© Frederic Navarro (L–R: Mark Cunningham, Candid Coll, Kike Bela, Lluis Rueda)
© Frederic Navarro
(L–R: Mark Cunningham, Candid Coll, Kike Bela, Lluis Rueda)

Mark Cunningham (trumpet, guitar)
Lluis Rueda (guitar, Korg MS-10)
Kike Bela (bass, Korg MS-10, guitar)
Candid Coll (drums, voice)

String Theory
Only Lovers
Dark Energy 74
Dragon Tree
Blood House
Fly Your Eyes
Rare Doom 11
Gravity Pull

Hang the DJ Records HTDJ-027 (on CD)
Feeding Tube Records FTR283 (on vinyl)
Barcelona 2016

“Deep Red” is the first full-length release from Blood Quartet, the collaboration between long-time Barcelona resident Mark Cunningham and Catalonian noise trio Murnau b.

Five tracks are brand new, the other five are re-recorded/remastered versions of the previous cassette  & download release “Dark Energy”.

The guitar, bass and drums build a series of dark, jagged, post-everything landscapes and the effects-laden trumpet splashes bright yet foreboding colours, mostly red. Sure, the trumpet gives a nod to 70s Miles or maybe Jon Hassell’s experiments but here everything is more stripped back, bare, more honest maybe. Cunningham has talked elsewhere about focusing on “the infinite possibilities inside of one note” which comes through even more so on this second release, and not only with Cunningham’s treated trumpet lines but also the pulsing bass, guitar feedback, and quietly free drumming.

The first new piece is “Bloodlines” and rather than read a teaser description, just follow this link and play the clip: https://vimeo.com/185420563 (I’d embed it here but WordPress is being awkward and I wanted to post this today). It contains all the key Blood Quartet ingredients – hypnotic riff, clanging percussion and feedback filigree, and painterly trumpet – and comes with a nicely symbolic video, courtesy of Edoardo A. González.

Moving on, “Only Lovers” begins surprisingly delicately but the layers of guitar (two, I think, in the hands of Rueda and Cunningham) and bass soon condense into bold and introspective elegy with an odd Doors-y vibe à la “The End”, with Coll’s non-verbal vocals resonating with Jim Morrison’s Oedipal musings.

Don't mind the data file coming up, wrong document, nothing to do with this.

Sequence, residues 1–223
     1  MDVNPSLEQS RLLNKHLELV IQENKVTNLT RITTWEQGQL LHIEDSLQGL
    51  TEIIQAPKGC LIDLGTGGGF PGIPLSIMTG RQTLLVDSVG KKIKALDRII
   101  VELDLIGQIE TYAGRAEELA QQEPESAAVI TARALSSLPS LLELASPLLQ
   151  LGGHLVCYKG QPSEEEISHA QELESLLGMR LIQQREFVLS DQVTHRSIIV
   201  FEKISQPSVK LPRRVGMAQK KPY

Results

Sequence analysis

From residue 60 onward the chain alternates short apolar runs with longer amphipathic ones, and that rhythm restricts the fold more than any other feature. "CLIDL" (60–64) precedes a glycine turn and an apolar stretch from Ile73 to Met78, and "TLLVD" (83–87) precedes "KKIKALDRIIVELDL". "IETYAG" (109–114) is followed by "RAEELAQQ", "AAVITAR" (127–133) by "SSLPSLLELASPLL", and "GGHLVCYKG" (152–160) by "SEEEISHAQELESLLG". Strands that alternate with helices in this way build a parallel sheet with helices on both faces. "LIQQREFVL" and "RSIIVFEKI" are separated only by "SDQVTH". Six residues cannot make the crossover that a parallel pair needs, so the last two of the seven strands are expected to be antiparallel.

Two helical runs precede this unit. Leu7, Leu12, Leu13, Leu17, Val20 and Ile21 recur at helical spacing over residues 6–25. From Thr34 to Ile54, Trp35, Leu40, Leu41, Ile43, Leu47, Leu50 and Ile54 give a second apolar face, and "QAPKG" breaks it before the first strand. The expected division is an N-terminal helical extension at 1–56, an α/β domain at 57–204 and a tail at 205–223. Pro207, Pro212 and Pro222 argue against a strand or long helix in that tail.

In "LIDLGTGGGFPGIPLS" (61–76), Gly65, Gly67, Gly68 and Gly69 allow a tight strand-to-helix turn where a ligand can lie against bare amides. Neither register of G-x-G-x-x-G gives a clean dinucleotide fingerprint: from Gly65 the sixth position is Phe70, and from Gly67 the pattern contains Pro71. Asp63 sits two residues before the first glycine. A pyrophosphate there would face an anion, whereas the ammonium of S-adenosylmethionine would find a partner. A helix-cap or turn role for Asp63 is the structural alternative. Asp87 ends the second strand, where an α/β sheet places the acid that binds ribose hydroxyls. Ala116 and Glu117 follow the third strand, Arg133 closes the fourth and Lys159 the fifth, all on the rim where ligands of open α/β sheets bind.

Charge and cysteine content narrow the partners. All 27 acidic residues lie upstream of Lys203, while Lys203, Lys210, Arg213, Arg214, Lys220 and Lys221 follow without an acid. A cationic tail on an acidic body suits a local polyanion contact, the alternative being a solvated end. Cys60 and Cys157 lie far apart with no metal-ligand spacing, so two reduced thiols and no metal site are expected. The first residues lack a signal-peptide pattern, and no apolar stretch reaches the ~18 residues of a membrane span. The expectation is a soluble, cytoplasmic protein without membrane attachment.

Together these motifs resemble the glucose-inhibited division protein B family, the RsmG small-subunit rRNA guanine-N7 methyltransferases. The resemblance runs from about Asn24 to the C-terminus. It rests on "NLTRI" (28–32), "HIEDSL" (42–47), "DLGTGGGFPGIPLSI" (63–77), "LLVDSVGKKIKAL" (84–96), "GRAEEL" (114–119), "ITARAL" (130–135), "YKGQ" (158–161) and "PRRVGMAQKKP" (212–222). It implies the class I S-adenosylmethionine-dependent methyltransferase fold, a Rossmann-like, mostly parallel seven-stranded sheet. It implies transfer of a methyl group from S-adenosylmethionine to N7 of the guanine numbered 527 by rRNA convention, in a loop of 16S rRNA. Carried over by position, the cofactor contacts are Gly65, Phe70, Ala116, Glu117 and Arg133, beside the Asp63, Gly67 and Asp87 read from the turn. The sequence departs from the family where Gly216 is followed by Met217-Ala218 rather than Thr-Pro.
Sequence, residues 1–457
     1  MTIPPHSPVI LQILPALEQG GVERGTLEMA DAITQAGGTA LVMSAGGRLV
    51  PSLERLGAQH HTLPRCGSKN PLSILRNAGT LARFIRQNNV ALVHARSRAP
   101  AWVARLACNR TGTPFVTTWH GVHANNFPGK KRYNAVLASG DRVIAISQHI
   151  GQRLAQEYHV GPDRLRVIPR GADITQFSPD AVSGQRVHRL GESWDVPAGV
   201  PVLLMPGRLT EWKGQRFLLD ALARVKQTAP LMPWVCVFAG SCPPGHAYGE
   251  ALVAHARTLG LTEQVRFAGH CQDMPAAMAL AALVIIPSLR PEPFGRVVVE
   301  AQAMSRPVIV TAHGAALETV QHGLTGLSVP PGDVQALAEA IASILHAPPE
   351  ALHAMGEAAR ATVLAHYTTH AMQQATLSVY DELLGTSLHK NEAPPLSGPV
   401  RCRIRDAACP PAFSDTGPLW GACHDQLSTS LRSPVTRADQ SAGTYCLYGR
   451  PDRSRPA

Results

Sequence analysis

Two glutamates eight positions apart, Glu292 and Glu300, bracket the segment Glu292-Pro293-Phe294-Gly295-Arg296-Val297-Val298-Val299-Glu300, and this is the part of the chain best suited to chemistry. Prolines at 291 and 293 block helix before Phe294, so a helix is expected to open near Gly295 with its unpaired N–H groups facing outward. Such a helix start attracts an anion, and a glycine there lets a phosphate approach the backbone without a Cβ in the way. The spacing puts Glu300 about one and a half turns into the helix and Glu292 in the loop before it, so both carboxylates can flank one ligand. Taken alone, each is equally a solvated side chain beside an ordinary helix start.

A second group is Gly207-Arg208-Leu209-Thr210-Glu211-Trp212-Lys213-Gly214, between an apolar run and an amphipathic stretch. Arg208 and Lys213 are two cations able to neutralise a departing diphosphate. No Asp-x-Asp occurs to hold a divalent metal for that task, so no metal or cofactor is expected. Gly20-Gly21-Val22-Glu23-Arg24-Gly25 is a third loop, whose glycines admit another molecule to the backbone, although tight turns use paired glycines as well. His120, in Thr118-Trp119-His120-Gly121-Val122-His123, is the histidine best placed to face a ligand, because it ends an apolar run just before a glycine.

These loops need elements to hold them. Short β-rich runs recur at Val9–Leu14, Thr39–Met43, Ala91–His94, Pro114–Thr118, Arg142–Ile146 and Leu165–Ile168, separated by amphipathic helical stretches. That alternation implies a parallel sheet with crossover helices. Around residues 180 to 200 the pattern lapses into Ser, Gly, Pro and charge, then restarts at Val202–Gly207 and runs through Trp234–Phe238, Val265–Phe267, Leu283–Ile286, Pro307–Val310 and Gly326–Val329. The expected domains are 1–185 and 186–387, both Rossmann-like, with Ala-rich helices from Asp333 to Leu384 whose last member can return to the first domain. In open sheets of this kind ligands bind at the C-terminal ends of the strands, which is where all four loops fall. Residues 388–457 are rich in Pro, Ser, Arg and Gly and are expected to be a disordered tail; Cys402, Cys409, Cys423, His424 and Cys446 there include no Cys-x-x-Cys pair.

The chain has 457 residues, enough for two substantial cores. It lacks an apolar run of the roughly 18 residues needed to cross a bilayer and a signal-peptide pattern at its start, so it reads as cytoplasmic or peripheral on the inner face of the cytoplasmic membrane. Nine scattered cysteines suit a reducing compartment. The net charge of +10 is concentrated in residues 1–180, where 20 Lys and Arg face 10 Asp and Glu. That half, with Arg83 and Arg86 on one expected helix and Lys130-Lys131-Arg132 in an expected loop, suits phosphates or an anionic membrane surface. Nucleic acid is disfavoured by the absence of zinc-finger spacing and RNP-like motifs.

“Blood House” is all heartbeat and eerie echoes, Cunningham’s trumpet expanding into the space like an unstoppable bloom while Rueda’s diseased feedback gnaws at the scenery. Altered states guaranteed.

“Soma” lowers the tempo, as befits the title, and pushes forward a simple but compellingly memorable riff that sends me to the 80s (but the ‘good’ 80s!) before turning into a rough-edged, oxidised trip.

Finally, the last new music is “Fly Your Eyes” which brings the pulse rate back up with a whirling dervish dance of yearning, tortured sound as two guitars, bass and drums spin in ever-tighter circles , compressing the tension to a needle’s point.

As for the new versions of past material, they’re fresh-sounding, more urgent, denser yet clearer in the details. It’s evident that Blood Quartet have been working through these tunes, allowing them to evolve into more intense forms that mesh perfectly with the newer tracks.

Maybe I’m a little biased here – I loved the previous release – but this combo of slow, heavy doom rock riffing plus an acoustic ‘jazz’ instrument seems to really do it for me right now. This album is just perfect.





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